HEBRON — Voters at town meeting Saturday approved a $675,000 town budget and a mass-gathering ordinance but failed to OK a plan to create a town lending library at Hebron Station School.
About 45 voters tackled a 59-article budget in about four hours at Hebron Station School.
Voters turned down a plan to create a lending library that would be called Moody Library at the elementary school and instead decided to regroup and come up with a plan that everyone could agree to after some voters questioned the need for another library.
Moody Library is housed in the former Brighton Hill Schoolhouse on Brighton Hill Road, but it is open only when volunteers can staff the building and it contains only historical books and other old reading material.
Money was donated by a woman in the 1920s to establish Moody Library, and over the years it has been housed in a number of locations, including the Grange Hall.
Oxford Hills School District Director Elizabeth Swift, who represents Hebron, told voters the board of directors years ago had approved space and $20,000 to establish a town lending library at Hebron Station School. The plan was not to replace the Brighton Hill Schoolhouse library but rather to set up a lending library at Hebron Station School as a first step toward developing a town library.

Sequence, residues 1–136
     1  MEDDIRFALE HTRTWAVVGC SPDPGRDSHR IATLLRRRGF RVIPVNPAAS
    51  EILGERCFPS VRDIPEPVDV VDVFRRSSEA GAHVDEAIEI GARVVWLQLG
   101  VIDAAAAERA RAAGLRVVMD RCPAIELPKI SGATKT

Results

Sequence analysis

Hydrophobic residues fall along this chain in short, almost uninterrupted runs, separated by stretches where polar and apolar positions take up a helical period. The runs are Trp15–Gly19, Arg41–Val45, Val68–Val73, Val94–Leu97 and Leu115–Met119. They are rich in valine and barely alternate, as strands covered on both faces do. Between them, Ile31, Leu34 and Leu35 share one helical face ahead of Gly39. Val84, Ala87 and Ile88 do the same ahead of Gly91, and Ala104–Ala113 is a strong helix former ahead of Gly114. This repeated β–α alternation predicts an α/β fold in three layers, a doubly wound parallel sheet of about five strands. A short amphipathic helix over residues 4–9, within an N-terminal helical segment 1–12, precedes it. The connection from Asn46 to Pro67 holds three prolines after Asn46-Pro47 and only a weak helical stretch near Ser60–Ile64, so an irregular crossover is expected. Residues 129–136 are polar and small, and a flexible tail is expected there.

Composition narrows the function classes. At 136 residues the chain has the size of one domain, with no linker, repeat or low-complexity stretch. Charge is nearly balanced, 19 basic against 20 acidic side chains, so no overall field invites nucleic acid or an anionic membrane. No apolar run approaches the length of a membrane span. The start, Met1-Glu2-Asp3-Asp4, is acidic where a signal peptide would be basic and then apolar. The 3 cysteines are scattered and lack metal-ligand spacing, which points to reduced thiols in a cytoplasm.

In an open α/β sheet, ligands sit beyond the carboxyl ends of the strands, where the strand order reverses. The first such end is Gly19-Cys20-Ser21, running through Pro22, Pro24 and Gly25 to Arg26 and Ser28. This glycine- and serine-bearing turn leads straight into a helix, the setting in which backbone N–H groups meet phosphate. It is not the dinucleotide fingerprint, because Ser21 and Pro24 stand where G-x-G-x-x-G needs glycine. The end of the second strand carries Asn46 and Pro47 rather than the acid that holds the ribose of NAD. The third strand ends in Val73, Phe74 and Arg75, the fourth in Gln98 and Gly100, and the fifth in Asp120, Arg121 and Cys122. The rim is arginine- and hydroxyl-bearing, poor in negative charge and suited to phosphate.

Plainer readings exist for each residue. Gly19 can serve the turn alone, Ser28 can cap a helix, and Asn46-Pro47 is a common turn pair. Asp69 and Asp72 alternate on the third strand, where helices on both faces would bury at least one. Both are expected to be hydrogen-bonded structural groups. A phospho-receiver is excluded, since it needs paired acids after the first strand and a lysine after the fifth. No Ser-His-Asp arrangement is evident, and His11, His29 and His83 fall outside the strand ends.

Moody Library trustees, however, say they want to preserve the library and historic schoolhouse building as one.
Swift told voters the wording of the article created some confusion. It was not the intention of the proponents to take any books from the Brighton Hill library. The move to name the proposed lending library Moody Library was simply a way to honor and continue the town library’s namesake, she said. The plan would be based on the availability of volunteers to staff it and on people donating books.
“There will be no cost to the town right now,” Swift said. “We just wanted to start out by taking baby steps.”
Townspeople agreed to talk more about the idea after the meeting.
The mass-gathering ordinance was proposed by selectmen to protect the health, safety and general welfare of residents when more than 300 people gather. Owners of facilities such as campgrounds are excluded as long as the “mass gathering” takes place on the property. The town is exempt, as well as public and private school functions.
Selectmen were informed Saturday morning that Road Commissioner Warren Packard, whose elected term ended next year, had resigned unexpectedly.